Big Data Is The Big Winner At The U.S. Open
September 17, 2012 Jenny Thomas
Andy Murray and Serena Williams may have dominated the courts at USTA Billie Jean King National Tennis Center in Flushing Meadows, New York, during the recent 2012 U.S. Open, but behind the scenes, the real action was being served up by IBM.
Sure, it’s easy for the average fan to get distracted by the tennis action, but to Big Blue, each serve, volley, and point is more than just an exciting play between athletes. To IBM, that action is big data.
“Big data is impacting so many aspects of sporting events, that it’s no longer a stretch to say that it is changing the way fans watch and enjoy sports,” said Rick Singer, vice president of sports sponsorship marketing at IBM. “Whether on the court or in the board room, big data is being leveraged to achieve similar goals, such as keeping operations up and running seamlessly, having accurate data readily available for quick decision making, and improving productivity.”
Big data is no exaggeration when you see the numbers. More than 15.5 million tennis fans caught the action in 2011 via the tournament’s website, viewing a record number of 84 million pages from their mobile devices, and IBM is confident they will more than match those numbers when all is said and calculated after the 2012 tournament. Add to that the more than 700,000 fans in attendance and another expected 53 million viewers (based on the numbers of who tuned in last year) and you see IBM is hosting data for one of the hottest sports events in the world.
IBM has been providing the IT that supports the U.S. Open for 22 years, but it wasn’t surprising to learn that while there is an “i” in “tennis,” it was missing from the U.S. Open deployment. Back in 2008, The Four Hundred reported that IBM had ditched IBM i and AIX in its U.S. Open setup for Linux. At that time, IBM consolidated physical servers onto logical ones to a total of six Power6-based Power 550 midrange servers.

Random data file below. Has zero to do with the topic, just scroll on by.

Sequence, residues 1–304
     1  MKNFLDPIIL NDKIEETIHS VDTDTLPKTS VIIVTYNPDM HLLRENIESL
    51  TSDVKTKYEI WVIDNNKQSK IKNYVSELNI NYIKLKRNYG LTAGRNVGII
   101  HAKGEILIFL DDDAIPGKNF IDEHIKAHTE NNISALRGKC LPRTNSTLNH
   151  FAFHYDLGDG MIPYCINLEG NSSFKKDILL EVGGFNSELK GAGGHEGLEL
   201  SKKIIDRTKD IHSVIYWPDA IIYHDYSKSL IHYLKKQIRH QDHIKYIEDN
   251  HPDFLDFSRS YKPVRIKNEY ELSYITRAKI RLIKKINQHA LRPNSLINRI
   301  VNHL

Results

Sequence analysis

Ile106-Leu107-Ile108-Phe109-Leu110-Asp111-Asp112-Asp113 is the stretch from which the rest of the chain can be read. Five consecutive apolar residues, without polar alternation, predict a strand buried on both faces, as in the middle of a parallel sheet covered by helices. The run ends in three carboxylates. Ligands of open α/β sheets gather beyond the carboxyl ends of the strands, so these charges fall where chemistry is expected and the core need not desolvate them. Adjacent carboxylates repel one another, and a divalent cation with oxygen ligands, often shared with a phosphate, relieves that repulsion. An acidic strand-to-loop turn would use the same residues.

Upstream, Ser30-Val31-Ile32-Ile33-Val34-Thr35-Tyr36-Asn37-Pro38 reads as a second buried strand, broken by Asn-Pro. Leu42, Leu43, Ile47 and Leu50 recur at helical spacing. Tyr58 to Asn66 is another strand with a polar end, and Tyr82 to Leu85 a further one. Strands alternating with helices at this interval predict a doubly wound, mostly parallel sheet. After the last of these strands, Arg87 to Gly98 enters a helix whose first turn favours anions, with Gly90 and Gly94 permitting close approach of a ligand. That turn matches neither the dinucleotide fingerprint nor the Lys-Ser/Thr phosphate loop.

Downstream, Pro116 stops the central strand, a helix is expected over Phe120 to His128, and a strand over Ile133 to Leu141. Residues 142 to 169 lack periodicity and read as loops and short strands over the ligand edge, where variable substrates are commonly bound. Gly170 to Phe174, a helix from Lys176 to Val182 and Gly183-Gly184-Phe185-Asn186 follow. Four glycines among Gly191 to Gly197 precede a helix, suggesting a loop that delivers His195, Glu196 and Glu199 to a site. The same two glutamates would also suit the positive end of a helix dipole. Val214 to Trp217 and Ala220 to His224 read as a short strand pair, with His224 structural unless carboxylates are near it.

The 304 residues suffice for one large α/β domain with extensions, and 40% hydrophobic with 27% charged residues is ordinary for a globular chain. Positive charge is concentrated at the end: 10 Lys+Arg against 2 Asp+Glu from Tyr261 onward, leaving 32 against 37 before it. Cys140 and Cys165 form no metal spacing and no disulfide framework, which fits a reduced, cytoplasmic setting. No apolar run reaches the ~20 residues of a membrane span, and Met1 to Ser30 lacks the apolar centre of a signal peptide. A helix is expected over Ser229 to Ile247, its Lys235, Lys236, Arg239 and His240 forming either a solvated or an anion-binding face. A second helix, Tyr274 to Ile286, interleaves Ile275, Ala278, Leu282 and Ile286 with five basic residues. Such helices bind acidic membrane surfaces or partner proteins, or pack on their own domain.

For the 2012 tournament, IBM used a private cloud environment built with IBM servers and storage in three geographically dispersed locations virtualized as one. The servers included Power Systems running AIX, System x machines running Linux, back-ended by storage area networks and front-ended by WebSphere application servers. This was exactly the same setup IBM used for the French Open in April, which we told you about earlier this year, and, according to Tracy Sullivan, external relations for the IBM systems and technology group, was employed to support all of the Grand Slam tournaments this past summer.
There was new technology in play this year, with mobile apps taking center court. New for this year’s tournament was a free iPad app that served streams of match data, access to live video, and in-depth statistical information. The app delivered an insider’s view of who’s gaining the edge on the court and made predictions on who would take the win based on the data from the match.
Sport watching is becoming a social sport and IBM monitored Twitter to determine the fan favorites of the tournament using IBM’s Social Sentiment Index, which uses analytics technology to sift through tweets with the goal of creating real-time public opinion snapshots. IBM believes making use of data that is available from sources like Twitter illustrates how analytics technology can identify important and otherwise non-obvious trends to help businesses make better decisions about how to connect with customers.
On site at the tennis center, IBM built the IBM Game Changer Interactive Wall, which was largely an extension of many of the USOpen.org and mobile app features. Fans in attendance were able to interact with the wall to access live scores, match analysis, and data visualizations from the IBM Social Sentiment Index analysis, as well as information about local weather and its effect on player nutrition and hydration.
IBM’s SlamTracker, which was first introduced in 2007, was also a featured player at the Open. The SlamTracker technology is comprised of IBM SPSS predictive analytics software running on System x machines, and leverages historical and real-time match data, featuring maps of player momentum, and key turning points such as aces and winning shots. It also uses seven years of historical Grand Slam data to determine the top three things a player must do in order to perform well in a specific match.
Taking care of data at the U.S. Open has become a showcase for the kind of analytics technologies that are also being used to monitor babies in prenatal wards, help police departments prevent crime, and enable financial services firms to improve customer service. All of this sounds like it could also be a job for the IBM i to me, but then again, I am not much of a tennis player, so what do I know?